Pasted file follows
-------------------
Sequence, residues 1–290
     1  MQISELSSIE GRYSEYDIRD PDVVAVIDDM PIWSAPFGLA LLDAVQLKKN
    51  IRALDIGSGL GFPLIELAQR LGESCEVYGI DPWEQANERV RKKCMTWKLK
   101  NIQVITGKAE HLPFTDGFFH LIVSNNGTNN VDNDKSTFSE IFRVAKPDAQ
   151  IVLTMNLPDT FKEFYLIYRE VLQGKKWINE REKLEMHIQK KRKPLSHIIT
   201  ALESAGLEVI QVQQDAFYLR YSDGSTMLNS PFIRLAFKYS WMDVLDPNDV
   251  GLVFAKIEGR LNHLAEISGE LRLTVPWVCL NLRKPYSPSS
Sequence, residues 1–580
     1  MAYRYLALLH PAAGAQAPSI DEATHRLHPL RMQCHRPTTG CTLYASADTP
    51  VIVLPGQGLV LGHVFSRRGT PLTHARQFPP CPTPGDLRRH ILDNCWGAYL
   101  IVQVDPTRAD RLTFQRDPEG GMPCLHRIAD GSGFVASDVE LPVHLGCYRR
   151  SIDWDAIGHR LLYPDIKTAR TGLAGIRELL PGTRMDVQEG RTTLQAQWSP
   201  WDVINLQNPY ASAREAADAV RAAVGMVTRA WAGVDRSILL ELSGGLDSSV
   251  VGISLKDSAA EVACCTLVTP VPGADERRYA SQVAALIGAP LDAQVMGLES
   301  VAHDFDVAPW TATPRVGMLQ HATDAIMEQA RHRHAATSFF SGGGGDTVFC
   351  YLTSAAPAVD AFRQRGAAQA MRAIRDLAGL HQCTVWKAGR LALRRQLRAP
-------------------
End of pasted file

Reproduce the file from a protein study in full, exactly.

Sequence, residues 1–290
     1  MQISELSSIE GRYSEYDIRD PDVVAVIDDM PIWSAPFGLA LLDAVQLKKN
    51  IRALDIGSGL GFPLIELAQR LGESCEVYGI DPWEQANERV RKKCMTWKLK
   101  NIQVITGKAE HLPFTDGFFH LIVSNNGTNN VDNDKSTFSE IFRVAKPDAQ
   151  IVLTMNLPDT FKEFYLIYRE VLQGKKWINE REKLEMHIQK KRKPLSHIIT
   201  ALESAGLEVI QVQQDAFYLR YSDGSTMLNS PFIRLAFKYS WMDVLDPNDV
   251  GLVFAKIEGR LNHLAEISGE LRLTVPWVCL NLRKPYSPSS
Sequence, residues 1–580
     1  MAYRYLALLH PAAGAQAPSI DEATHRLHPL RMQCHRPTTG CTLYASADTP
    51  VIVLPGQGLV LGHVFSRRGT PLTHARQFPP CPTPGDLRRH ILDNCWGAYL
   101  IVQVDPTRAD RLTFQRDPEG GMPCLHRIAD GSGFVASDVE LPVHLGCYRR
   151  SIDWDAIGHR LLYPDIKTAR TGLAGIRELL PGTRMDVQEG RTTLQAQWSP
   201  WDVINLQNPY ASAREAADAV RAAVGMVTRA WAGVDRSILL ELSGGLDSSV
   251  VGISLKDSAA EVACCTLVTP VPGADERRYA SQVAALIGAP LDAQVMGLES
   301  VAHDFDVAPW TATPRVGMLQ HATDAIMEQA RHRHAATSFF SGGGGDTVFC
   351  YLTSAAPAVD AFRQRGAAQA MRAIRDLAGL HQCTVWKAGR LALRRQLRAP